What is the Snore No More Program?
Our dedication to treating our patients with sleep related breathing disorders has allowed us to develop a program and systems that support our patients through the process of education, diagnosis and treatment of a condition that is commonly misunderstood and often under diagnosed.
Snore No More allows our patients to use a custom oral appliance that is less expensive, easy to wear and often just as effective as the more expensive dental sleep appliances that are often covered by medical insurance.
Through this program we are able to help our patients that are not diagnosed with sleep apnea and have fewer risk factors associated with this condition as a treatment for those with primary snoring issues. Treatment of the patient with mild snoring is often critical in preventing the progression of the condition of snoring into a more serious diagnosis of obstructive sleep apnea.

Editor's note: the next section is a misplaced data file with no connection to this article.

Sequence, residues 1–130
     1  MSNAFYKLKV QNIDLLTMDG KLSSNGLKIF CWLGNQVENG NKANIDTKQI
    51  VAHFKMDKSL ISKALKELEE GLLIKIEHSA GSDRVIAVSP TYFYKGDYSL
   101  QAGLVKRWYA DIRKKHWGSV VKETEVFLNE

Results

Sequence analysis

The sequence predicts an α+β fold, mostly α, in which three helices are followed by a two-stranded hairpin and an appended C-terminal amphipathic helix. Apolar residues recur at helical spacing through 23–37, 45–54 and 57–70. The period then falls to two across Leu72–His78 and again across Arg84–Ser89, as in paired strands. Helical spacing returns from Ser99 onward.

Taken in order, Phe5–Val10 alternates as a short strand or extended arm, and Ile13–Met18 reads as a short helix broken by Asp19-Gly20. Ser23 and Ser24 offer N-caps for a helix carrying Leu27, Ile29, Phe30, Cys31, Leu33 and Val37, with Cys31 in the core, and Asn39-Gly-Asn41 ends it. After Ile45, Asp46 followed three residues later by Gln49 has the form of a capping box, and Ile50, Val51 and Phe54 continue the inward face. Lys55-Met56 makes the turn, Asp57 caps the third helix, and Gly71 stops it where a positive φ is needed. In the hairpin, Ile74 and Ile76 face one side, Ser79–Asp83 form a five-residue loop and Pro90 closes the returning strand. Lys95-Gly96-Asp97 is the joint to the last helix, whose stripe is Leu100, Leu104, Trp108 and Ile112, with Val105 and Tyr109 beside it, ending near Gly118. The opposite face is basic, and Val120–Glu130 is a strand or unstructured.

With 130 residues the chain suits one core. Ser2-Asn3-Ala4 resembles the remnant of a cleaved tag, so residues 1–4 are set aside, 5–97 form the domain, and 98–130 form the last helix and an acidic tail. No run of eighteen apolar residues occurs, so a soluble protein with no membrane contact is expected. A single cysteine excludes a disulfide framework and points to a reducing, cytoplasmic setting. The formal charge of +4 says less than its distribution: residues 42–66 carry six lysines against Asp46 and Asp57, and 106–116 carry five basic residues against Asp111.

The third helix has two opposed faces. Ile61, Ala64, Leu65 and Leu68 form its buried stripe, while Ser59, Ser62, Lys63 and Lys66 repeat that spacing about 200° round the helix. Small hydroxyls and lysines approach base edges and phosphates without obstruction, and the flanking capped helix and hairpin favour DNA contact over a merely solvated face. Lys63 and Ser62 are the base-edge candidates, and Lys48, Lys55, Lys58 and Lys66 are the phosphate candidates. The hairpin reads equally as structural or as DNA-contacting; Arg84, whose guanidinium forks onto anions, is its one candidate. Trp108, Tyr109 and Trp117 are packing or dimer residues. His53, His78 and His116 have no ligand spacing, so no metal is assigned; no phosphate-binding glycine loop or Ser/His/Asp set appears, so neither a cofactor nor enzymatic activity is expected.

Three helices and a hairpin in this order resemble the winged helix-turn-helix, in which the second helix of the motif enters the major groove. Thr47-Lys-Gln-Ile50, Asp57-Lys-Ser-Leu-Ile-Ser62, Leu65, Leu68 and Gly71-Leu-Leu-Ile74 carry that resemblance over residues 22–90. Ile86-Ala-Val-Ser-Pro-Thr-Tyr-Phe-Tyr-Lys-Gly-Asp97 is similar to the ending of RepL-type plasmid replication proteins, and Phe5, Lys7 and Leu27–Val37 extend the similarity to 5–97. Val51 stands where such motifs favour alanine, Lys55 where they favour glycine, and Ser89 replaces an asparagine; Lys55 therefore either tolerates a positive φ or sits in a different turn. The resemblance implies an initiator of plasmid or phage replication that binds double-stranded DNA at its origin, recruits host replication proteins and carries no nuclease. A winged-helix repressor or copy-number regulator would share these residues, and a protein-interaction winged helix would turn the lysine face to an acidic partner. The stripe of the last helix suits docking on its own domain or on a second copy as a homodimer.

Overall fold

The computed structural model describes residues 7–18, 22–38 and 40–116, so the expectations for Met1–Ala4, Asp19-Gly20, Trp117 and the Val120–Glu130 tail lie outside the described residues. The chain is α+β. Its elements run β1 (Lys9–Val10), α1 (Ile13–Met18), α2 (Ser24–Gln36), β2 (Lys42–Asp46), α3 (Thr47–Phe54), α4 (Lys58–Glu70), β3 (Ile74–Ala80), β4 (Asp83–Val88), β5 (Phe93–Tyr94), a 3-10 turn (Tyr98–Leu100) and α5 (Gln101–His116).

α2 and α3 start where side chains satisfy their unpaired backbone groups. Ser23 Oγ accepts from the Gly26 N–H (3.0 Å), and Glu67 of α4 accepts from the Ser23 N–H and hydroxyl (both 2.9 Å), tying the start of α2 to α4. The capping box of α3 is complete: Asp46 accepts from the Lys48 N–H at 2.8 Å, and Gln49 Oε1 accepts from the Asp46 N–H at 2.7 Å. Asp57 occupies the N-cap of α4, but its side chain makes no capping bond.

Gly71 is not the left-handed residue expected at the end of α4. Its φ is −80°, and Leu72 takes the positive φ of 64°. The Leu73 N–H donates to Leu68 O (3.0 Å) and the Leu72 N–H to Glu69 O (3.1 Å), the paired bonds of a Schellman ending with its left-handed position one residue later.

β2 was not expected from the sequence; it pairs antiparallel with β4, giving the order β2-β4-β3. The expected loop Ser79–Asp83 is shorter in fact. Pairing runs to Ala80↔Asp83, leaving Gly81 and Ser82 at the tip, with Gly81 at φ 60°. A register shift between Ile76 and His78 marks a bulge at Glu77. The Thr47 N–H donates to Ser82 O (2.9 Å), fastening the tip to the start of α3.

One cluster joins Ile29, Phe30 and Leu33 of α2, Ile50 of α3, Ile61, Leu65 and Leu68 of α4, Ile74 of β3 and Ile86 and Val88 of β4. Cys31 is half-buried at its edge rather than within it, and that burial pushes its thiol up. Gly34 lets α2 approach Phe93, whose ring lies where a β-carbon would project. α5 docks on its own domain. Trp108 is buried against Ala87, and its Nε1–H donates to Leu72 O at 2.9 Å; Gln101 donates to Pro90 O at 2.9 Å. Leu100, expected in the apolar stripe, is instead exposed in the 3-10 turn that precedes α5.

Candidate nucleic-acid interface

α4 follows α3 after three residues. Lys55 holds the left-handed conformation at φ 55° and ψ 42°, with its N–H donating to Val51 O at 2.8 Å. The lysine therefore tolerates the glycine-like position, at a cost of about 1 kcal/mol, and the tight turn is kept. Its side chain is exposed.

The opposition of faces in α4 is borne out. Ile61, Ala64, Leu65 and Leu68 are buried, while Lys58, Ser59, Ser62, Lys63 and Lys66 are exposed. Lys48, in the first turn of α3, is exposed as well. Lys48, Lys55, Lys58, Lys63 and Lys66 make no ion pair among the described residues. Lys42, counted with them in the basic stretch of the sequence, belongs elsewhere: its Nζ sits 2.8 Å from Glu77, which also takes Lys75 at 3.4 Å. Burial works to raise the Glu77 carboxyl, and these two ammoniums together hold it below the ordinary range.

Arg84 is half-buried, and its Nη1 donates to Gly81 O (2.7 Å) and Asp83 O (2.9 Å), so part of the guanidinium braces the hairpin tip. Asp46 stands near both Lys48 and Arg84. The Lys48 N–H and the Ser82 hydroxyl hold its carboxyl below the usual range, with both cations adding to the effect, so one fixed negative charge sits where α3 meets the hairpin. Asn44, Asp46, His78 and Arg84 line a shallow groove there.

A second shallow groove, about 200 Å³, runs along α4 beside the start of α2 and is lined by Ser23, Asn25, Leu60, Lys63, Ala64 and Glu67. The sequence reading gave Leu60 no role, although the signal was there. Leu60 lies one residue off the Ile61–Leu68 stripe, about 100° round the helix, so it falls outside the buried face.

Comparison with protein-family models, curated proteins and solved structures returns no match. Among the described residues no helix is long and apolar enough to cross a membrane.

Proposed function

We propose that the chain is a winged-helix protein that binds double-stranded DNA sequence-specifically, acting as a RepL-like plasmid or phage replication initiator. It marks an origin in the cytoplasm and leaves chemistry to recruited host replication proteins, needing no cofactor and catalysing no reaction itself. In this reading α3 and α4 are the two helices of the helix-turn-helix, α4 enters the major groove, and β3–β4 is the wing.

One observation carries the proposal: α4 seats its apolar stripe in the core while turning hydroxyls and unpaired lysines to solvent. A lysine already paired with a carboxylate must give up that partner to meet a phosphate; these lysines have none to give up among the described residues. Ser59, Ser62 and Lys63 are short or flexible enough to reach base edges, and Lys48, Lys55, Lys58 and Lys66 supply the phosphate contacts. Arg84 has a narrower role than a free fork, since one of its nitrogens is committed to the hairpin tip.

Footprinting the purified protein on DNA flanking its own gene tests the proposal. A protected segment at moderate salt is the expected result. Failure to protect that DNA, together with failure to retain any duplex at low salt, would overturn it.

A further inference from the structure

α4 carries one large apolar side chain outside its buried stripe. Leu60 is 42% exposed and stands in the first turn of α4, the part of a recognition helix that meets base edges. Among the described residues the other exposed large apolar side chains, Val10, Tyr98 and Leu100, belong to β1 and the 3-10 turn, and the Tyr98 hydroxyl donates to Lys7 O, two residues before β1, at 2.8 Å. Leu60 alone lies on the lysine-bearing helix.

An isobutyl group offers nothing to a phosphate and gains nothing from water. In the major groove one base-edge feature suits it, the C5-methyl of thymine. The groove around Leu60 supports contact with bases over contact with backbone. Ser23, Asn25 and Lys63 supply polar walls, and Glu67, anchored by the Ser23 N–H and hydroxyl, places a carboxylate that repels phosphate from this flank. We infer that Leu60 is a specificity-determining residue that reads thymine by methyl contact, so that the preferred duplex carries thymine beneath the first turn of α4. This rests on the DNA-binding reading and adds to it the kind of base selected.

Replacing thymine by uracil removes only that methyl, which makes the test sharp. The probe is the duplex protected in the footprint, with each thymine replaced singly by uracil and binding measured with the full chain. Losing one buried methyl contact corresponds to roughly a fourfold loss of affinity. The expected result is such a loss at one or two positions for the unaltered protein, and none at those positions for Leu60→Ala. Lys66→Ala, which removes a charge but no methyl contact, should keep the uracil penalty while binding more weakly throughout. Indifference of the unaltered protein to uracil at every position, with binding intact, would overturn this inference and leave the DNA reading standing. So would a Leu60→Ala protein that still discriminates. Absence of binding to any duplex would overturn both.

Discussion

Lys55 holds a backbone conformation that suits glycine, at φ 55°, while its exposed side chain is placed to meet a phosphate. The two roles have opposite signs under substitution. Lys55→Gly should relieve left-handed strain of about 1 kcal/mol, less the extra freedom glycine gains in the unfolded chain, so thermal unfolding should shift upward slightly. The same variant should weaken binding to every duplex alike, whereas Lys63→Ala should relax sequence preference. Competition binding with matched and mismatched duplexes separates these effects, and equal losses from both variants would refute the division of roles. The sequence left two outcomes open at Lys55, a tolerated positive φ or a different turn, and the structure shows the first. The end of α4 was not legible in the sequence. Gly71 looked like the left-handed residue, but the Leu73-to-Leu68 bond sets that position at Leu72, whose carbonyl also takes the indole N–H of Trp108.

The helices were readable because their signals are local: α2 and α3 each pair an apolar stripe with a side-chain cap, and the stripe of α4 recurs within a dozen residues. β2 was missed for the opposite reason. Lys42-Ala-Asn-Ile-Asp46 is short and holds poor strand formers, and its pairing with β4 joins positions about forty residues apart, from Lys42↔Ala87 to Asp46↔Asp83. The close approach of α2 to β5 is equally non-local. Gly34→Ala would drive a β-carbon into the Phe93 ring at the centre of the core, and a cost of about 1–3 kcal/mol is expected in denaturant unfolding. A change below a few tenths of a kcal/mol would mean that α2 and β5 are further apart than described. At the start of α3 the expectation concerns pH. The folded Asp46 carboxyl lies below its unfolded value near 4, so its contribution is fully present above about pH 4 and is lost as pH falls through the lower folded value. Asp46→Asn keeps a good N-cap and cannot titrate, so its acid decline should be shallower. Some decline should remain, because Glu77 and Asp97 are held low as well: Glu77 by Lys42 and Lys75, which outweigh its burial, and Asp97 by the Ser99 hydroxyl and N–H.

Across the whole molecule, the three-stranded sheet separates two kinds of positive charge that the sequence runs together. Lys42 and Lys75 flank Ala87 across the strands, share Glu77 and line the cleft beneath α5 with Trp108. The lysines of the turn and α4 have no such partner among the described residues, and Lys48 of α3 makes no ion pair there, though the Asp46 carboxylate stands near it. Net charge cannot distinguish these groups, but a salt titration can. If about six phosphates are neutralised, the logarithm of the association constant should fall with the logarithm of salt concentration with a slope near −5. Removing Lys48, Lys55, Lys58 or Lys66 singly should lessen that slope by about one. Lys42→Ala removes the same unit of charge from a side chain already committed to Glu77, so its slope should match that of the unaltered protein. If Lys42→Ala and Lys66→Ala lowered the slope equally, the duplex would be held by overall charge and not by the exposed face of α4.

Our screening process attempts to sort out the snorers from those with obstructive sleep apnea (OSA) through 3D imaging, biometric measurements and subjective assessments.
Many patients will avoid diagnosis of their sleep related breathing disorders because they do not want to go to an overnight sleep lab and deal with the hassle of the paperwork and insurance. Our goal is to help those patient gain the education, assistance and diagnosis that best serves them and their overall health by providing them with a low risk, inexpensive but thorough assessment by a board certified dentist to determine the severity of their condition without a huge commitment.
The Snore No More assessment includes:
- 3D volumetric airway assessment through the use of ultra-low dose imaging
- Dental evaluation to determine if you are a candidate for oral appliance therapy
- Calculation of Body Mass Index
- Evaluation of other relevant medical conditions linked to obstructive sleep apnea
- Careful evaluation of patient surveys to determine additional risk factors that can develop due to lack of treatment
- Neck circumference assessment as a risk factor for obstructive sleep apnea
- Appropriate recommendations for additional testing and treatment